The Goo-Goo Chorus of Silence
Religion & Liberty Online

The Goo-Goo Chorus of Silence

George Soros just donated another $6 million to Democratic Party presidential candidate Hillary Clinton’s Super Political Action Committee, raising the total the billionaire has contributed thus far to her 2016 campaign to $7 million. Liberals and progressives who can be counted on to hyperventilate every time the Koch brothers drop a dollar into a Salvation Army drum haven’t made a peep. They’ve also been remarkably silent on other donations to Clinton’s Priorities USA SuperPac, including $5 million from Haim Saban and his wife Cheryl; $2.3 million from Laurie Woods; and $2.5 million from Donald Sussman.

And I shall join the liberals and progressives in their chorus of silence, because, unlike them, your writer prefers intellectual consistency. So, you go, George Soros! And, likewise, Mr. and Ms. Saban, Ms. Woods and Mr. Sussman. Last, but not least, let’s hear it for the Koch brothers! Because each and every one of the above-listed donors are exercising their First Amendment free-speech rights, which were girded by the U.S. Supreme Court’s Citizens United decision.

However, liberals and progressives don’t see it that way when donations don’t go their way. For example the left-leaning investors affiliated with religious shareholder activists As You Sow seemingly can’t abide corporate donations in the political game when it’s their respective ox that’s gored, namely anyone who disagrees with their views on climate change, social issues, genetically modified organisms and, you guessed it, Citizens United.

Here’s an example from an AYS proxy resolution submitted to DuPont:

“Using corporate funds to influence any political election” for purposes of this proposal, includes any direct or indirect contribution using corporate funds that is intended to influence the outcome of an election or referendum. This includes independent expenditures, electioneering communications, and issue advocacy that can reasonably be interpreted as in support or opposition of a specific candidate or ballot measure. The policy should include measures, to the greatest extent practical, to prevent trade associations or non-profit corporations from channeling our company’s contributions or membership dues to influence the outcome of any election or referendum….

“Corporate money in politics is a controversial subject. Since the high-profile U.S. Supreme Court Case Citizens United v. Federal Election Commission, corporate contributions to election campaigns have skyrocketed. Experts have estimated that a record-breaking $6.3 billion was spent in the 2012 electoral cycle, an increase of nearly 15% from 2008. These developments are deeply unpopular among the U.S. public across party lines, and consequently expose companies to considerable risks associated with attempts to influence controversial election outcomes.

Before AYS can lift themselves from their self-imposed rhetorical fainting couch, they might want to read last weekend’s Wall Street Journal wherein Bradley Smith, chairman of the Center for Competitive Politics, sets the record straight on campaign financing:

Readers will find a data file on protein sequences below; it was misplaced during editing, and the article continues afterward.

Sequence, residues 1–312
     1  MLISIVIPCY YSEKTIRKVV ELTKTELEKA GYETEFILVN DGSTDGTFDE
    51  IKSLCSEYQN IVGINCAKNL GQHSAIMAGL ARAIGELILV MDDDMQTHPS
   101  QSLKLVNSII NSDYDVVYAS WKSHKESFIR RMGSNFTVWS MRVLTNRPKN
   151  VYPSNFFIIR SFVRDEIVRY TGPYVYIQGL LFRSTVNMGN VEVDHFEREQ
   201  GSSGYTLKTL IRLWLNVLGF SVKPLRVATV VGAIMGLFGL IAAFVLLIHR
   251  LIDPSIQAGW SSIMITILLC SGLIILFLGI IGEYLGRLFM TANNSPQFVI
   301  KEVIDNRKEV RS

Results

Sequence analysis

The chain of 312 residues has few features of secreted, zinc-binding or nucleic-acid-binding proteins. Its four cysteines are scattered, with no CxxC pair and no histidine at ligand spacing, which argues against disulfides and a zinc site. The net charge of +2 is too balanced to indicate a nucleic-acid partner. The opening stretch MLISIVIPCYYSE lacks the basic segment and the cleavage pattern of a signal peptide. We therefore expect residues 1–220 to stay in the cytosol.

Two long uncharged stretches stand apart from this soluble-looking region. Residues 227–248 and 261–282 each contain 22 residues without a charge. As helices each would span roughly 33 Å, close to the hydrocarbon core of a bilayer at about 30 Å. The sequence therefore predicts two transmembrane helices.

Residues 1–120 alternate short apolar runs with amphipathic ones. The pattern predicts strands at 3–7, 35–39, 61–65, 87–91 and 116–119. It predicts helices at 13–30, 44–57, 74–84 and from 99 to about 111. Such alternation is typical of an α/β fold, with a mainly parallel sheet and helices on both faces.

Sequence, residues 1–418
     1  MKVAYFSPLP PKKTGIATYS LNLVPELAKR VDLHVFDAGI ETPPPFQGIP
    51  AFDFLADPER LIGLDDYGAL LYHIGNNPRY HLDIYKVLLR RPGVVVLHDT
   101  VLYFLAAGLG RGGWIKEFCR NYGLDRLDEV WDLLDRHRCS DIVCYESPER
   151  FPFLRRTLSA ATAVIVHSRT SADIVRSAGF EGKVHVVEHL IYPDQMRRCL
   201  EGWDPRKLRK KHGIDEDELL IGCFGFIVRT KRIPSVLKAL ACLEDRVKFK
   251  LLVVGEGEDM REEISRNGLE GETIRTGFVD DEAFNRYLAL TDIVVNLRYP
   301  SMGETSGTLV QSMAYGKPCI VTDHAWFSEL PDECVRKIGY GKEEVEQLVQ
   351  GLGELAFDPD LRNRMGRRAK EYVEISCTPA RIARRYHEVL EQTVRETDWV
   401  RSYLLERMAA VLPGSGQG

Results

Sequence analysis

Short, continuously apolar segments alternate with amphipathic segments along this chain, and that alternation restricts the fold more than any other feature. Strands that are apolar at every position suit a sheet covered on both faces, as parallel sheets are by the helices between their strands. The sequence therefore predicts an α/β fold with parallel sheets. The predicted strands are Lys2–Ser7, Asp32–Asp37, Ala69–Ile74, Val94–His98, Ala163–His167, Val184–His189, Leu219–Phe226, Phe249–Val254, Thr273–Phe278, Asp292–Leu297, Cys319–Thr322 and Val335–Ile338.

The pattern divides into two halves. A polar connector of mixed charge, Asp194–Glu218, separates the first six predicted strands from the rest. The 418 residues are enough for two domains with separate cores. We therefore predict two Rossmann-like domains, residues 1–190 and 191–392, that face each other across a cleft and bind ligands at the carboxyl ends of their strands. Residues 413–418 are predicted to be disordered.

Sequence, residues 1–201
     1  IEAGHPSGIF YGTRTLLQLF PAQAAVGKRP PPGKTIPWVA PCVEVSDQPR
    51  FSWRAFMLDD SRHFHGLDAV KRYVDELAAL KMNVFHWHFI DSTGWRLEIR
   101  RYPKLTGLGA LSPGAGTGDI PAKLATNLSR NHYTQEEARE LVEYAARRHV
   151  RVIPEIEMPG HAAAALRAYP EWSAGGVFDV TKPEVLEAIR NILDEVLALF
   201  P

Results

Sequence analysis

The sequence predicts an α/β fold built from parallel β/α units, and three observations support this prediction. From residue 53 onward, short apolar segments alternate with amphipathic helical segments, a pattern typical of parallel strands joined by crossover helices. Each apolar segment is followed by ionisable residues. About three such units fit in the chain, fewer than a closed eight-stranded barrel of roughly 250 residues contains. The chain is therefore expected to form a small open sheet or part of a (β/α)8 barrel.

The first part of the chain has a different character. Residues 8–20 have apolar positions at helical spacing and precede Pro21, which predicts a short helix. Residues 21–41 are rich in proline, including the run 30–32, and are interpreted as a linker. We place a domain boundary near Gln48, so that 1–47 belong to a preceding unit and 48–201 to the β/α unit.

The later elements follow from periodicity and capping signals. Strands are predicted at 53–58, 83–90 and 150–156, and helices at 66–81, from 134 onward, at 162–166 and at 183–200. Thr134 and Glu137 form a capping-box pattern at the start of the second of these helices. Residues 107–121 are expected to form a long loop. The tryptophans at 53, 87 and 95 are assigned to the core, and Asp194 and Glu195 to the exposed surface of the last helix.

Hillary Clinton has tons of cash, but she can’t shake off Bernie Sanders. Donald Trump keeps threatening to spend his own money, but he hasn’t had to use much of it. He’s leading the Republican field, feasting on free media coverage, while spending a fraction of what his rivals, and super PACs promoting them, have spent. If his rivals hadn’t been able raise large sums the GOP race would probably be over—Mr. Trump’s celebrity, name recognition and charisma would already have carried the day.

Apparently oblivious to the failure of “big money” to dictate the race, the goo-goos—the good-government crowd—have cranked up the same theme they use every election year. “We must,” they say, “have campaign finance reform.” We must “get money out of politics.” The Supreme Court must reverse its 2010 decision in Citizens United and allow “reasonable” regulation of campaign finance.

I might add that AYS and its partners in the anti-Citizens United crusade never mention limits on celebrity endorsements for candidates. Certainly having Bruce Springsteen in his camp presented some lift to President Obama in elections past, I would imagine. There must be somebody out there who can put a dollar value on the Boss making personal appearances on Obama’s behalf. Not that I care – I really don’t – but then I’m consistent that way. The goo-goos at AYS? Not so much.

Bruce Edward Walker

has more than 30 years’ writing and editing experience in a variety of publishing areas, including reference books, newspapers, magazines, media relations and corporate speeches. Much of this material involved research on water rights, land use, alternative-technology vehicles and other environmental issues, but Walker has also written extensively on nonscientific subjects, having produced six titles in Wiley Publishing’s CliffsNotes series, including study guides for "Alice’s Adventures in Wonderland" and "One Flew Over the Cuckoo’s Nest." He has also authored more than 100 critical biographies of authors and musicians for Gale Research's Contemporary Literary Criticism and Contemporary Musicians reference-book series. He was managing editor of The Heartland Institute's InfoTech & Telecom News from 2010-2012. Prior to that, he was manager of communications for the Mackinac Center's Property Rights Network. He also served from 2006-2011 as editor of Michigan Science, a quarterly Mackinac Center publication. Walker has served as an adjunct professor of literature and academic writing at University of Detroit Mercy. For the past five years, he has authored a weekly column for the mid-Michigan Morning Sun newspaper. Walker holds a bachelor’s degree in English from Michigan State University. He is the father of two daughters and currently lives in Flint, Mich., with his wife Katherine.